Castleman Warrior of the Month

Teresa Nobleza
Teresa states that her life with Castleman disease has been very challenging and she’s been battling it since 2009.  Though the battle with this disease has a great deal of unknowns, Teresa is thankful for the virtues of patience and perseverance that she has developed throughout her fight. We got a chance to sit down with Teresa. Check out her inspiring interview below:

CDCN: Tell us a little bit about yourself.

Teresa: My name is Maria Teresa Nobleza and I am a 54 year old female from the Philippines and of Filipino and Spanish descent.  I work as a full time dentist here at St. Luke's Medical Center together with my sister who happens to be a dentist/nurse also.

CDCN: Can you tell us about your diagnosis (e.g., when you were diagnosed, your first symptoms, etc.)?

Teresa: I felt my first symptoms in April 2009 but had an elevated platelet count since the end of 2008. I had fatigue, joint pains, peripheral edema, livedo reticularis, malar rash, bipedal edema, proteinuria, pericardial effusion, and severe migraines. My nephrologist gave me steroid therapy and Imuran. My hemoglobin, WBC, ESR, CRP, and CPK levels were all normal as were my ANA and ANCA tests. I was diagnosed with undifferentiated vasculitis and had to undergo 5 cycles of cyclophosphamide chemotherapy. It was only in October 2014 that a biopsy of my cervical and inguinal nodes revealed Castleman disease, hyaline vascular variant. A PET-CT revealed it to be the multicentric type so I was given Actemra for 10 months. I did not experience any side effects from it. I am currently not being maintained on any meds for my Castleman disease and my last dose was in 2011. My symptoms are now reduced by 80%, but I still have migraines and joint pains that come and go.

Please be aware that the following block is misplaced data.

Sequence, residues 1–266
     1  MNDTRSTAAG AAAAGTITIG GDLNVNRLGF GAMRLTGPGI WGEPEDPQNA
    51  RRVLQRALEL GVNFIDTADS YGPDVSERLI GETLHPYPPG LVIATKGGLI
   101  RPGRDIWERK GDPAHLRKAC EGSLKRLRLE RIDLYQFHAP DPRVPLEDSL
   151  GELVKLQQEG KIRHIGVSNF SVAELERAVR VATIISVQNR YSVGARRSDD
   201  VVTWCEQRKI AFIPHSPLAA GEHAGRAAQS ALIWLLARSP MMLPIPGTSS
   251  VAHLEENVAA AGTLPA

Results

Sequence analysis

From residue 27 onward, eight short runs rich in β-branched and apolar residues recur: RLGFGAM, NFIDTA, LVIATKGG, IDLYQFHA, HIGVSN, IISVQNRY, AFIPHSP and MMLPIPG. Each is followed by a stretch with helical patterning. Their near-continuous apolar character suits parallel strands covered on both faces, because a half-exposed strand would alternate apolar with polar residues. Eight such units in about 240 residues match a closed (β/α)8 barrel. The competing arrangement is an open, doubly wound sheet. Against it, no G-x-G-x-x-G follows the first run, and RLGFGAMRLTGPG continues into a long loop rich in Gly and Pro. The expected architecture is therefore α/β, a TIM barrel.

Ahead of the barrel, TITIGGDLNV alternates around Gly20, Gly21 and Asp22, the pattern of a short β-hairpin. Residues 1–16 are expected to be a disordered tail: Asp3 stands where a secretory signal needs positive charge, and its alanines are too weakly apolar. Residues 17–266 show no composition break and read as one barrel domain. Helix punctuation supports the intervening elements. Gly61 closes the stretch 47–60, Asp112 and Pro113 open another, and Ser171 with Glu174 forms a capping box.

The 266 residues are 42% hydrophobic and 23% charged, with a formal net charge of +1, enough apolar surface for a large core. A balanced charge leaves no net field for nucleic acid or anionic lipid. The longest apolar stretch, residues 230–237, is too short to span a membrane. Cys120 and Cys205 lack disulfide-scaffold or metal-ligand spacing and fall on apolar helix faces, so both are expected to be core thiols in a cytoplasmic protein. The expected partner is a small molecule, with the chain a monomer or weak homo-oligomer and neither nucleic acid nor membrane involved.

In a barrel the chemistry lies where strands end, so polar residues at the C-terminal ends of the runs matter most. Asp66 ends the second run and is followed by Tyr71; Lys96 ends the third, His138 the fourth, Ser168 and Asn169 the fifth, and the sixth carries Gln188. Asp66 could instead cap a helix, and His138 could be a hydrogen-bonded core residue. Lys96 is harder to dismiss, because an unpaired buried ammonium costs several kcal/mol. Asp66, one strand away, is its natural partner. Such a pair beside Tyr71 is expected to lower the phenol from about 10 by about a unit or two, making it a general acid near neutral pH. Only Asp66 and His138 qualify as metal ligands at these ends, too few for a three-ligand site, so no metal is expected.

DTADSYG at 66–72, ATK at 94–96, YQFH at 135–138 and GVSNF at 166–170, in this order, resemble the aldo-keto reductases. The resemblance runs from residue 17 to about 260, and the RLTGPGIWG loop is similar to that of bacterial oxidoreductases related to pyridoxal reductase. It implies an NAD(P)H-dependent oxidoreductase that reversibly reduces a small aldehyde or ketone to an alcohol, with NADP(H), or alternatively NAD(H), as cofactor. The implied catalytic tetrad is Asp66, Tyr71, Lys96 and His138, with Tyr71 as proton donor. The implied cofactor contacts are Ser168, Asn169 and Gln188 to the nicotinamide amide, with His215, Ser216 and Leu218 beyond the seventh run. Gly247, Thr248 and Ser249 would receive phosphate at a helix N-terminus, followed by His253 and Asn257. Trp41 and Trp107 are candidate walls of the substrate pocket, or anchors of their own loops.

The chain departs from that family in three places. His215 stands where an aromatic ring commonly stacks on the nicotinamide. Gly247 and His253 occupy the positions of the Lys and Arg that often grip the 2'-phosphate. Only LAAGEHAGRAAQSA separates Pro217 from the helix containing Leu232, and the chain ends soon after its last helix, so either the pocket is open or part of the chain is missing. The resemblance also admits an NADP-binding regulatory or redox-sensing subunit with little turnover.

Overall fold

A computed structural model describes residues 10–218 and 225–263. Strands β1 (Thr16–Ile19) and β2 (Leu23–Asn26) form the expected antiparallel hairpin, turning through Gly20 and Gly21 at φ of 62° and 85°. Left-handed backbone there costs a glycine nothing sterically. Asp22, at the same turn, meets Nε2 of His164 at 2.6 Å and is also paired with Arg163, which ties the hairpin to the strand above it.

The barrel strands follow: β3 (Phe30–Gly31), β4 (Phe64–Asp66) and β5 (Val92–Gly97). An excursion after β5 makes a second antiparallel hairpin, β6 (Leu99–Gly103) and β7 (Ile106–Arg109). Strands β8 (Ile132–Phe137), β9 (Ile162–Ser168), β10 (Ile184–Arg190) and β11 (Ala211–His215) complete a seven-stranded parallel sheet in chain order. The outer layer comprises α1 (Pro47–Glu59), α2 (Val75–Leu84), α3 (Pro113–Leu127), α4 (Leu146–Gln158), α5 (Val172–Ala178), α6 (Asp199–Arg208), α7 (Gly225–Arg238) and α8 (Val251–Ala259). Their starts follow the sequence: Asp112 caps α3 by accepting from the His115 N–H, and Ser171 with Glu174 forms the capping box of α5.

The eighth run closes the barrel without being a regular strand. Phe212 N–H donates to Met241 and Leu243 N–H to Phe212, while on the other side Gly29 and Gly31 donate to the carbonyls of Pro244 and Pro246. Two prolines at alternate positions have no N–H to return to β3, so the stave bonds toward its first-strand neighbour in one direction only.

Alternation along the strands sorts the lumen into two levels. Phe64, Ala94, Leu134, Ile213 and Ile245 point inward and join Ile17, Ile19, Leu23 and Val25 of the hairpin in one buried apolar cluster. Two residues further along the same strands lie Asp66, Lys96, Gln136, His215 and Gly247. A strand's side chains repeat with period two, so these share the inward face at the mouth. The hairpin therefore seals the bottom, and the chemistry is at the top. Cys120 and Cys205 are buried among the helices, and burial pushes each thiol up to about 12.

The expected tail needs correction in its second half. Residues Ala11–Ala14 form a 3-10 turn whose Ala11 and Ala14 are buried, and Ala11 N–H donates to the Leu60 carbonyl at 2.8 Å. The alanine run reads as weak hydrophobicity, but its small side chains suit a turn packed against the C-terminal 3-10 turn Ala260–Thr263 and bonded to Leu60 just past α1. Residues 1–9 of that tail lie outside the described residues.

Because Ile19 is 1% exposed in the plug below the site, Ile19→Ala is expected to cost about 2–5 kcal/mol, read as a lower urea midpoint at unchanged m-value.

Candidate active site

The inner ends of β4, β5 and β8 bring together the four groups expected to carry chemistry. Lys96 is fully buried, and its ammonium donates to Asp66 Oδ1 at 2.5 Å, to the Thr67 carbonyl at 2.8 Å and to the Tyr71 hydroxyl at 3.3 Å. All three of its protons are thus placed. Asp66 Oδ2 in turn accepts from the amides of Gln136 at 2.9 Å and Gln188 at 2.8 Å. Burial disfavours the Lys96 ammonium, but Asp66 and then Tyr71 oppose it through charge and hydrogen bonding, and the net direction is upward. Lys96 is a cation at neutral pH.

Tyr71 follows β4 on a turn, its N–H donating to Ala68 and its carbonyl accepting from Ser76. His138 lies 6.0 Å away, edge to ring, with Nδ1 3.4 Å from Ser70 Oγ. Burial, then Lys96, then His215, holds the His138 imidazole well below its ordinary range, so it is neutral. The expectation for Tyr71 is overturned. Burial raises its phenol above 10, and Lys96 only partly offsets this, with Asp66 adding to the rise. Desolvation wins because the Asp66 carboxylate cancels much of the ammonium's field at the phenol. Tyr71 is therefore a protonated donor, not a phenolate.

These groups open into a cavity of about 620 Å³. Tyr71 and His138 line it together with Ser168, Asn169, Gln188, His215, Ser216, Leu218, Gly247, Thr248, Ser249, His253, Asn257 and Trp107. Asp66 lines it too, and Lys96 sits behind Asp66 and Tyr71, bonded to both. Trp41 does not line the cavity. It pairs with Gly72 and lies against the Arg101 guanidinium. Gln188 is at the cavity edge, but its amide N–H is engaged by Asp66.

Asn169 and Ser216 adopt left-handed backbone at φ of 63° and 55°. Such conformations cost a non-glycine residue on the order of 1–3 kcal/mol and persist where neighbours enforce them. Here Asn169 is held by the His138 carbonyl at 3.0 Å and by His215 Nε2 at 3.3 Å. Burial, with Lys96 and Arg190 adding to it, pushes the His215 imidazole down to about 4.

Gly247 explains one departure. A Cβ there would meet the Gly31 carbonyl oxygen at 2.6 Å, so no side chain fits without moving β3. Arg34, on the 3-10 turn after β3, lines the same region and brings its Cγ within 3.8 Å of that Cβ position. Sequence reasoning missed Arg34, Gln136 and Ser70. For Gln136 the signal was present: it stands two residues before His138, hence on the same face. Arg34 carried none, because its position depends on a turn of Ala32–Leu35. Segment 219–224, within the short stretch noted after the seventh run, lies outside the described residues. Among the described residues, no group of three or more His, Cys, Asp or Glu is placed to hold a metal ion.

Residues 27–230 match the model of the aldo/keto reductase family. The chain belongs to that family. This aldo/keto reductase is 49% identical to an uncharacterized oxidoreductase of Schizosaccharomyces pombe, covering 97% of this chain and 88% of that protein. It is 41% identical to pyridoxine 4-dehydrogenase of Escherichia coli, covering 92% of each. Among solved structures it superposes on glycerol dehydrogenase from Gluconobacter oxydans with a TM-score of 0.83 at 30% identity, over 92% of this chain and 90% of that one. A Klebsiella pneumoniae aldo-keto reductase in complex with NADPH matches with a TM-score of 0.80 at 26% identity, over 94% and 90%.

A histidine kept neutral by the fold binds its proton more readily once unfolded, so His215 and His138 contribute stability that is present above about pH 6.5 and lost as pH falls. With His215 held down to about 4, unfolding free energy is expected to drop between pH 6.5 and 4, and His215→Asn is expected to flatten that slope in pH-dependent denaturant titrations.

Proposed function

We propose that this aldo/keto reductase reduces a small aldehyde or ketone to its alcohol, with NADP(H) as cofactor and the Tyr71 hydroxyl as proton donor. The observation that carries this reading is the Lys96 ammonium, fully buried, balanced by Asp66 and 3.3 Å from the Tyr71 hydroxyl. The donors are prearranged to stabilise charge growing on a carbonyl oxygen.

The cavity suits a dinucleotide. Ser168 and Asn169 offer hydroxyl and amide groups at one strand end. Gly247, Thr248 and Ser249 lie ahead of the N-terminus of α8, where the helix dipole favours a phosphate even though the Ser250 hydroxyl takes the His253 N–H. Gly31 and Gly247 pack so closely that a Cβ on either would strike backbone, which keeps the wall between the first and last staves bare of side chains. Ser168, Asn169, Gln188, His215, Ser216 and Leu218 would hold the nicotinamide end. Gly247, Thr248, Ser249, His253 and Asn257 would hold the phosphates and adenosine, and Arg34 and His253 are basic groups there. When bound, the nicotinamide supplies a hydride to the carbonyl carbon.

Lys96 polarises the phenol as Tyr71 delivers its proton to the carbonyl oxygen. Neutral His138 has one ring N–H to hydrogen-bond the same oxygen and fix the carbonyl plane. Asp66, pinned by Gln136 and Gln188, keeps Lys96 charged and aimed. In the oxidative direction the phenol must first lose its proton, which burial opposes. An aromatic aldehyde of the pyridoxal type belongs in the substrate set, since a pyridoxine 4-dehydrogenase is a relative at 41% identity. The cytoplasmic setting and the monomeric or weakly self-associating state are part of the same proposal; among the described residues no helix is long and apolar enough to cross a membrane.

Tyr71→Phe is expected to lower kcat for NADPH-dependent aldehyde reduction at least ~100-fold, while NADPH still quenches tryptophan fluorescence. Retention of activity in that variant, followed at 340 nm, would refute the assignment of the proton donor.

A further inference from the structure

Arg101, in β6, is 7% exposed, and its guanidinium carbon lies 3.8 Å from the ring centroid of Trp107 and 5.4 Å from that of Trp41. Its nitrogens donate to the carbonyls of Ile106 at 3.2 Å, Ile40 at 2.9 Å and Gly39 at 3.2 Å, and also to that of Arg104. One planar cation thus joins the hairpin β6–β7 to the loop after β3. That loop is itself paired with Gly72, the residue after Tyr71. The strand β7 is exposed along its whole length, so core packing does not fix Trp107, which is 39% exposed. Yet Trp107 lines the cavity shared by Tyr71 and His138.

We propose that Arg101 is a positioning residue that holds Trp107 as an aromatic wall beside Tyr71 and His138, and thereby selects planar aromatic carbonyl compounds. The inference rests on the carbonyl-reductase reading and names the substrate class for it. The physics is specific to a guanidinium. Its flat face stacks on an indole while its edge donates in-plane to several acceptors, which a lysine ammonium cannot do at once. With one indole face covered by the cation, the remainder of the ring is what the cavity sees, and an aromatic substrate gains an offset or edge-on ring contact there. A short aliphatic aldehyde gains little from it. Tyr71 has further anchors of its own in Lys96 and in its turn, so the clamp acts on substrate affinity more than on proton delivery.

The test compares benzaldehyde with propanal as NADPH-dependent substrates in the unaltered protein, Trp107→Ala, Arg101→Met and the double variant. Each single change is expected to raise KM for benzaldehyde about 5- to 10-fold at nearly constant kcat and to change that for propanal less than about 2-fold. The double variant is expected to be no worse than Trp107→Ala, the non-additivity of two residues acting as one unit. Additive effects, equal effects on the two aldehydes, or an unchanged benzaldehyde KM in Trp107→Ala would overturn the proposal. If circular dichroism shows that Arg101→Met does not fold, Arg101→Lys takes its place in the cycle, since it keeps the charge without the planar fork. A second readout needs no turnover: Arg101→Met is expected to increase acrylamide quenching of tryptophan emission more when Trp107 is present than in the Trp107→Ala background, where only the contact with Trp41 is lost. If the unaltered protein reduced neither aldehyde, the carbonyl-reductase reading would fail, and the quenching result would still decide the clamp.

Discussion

CDCN: What has been your greatest hardship with your Castleman disease?

Teresa: My life with Castleman disease has been very challenging. It's been a roller coaster ride emotionally, physically, and emotionally. My greatest hardship was when I didn't know which specialist to go to. No one ever met a Castleman patient here in my country except when some of these physicians were still in medical school. An oncologist wanted to do chemo but I thought I'd do my own research first. Only after constantly communicating with Dr. Frits van Rhee did my rheumatologist and I did decide on giving me Actemra for 10 months.

CDCN: What was life like before your diagnosis?

Teresa: Life before Castleman disease was the exact opposite. I went to the gym 5 times a week and ate only healthy stuff.

CDCN: What have you learned about yourself since your diagnosis?

Teresa: After my diagnosis, I learned to live by the more long term goals because we are all clueless battling with this disease. What's been good about this disease, however, is that it made me develop the virtues of patience and perseverance and how to be strong in spite of the uncertainty of its prognosis.

CDCN: Why do you want to be a Castleman Warrior?

Teresa: I would like to become a Castleman Warrior because I want to inspire other patients out there to know there is still life to be lived after Castleman disease. You can ‘Like’ my Castleman disease Facebook page here: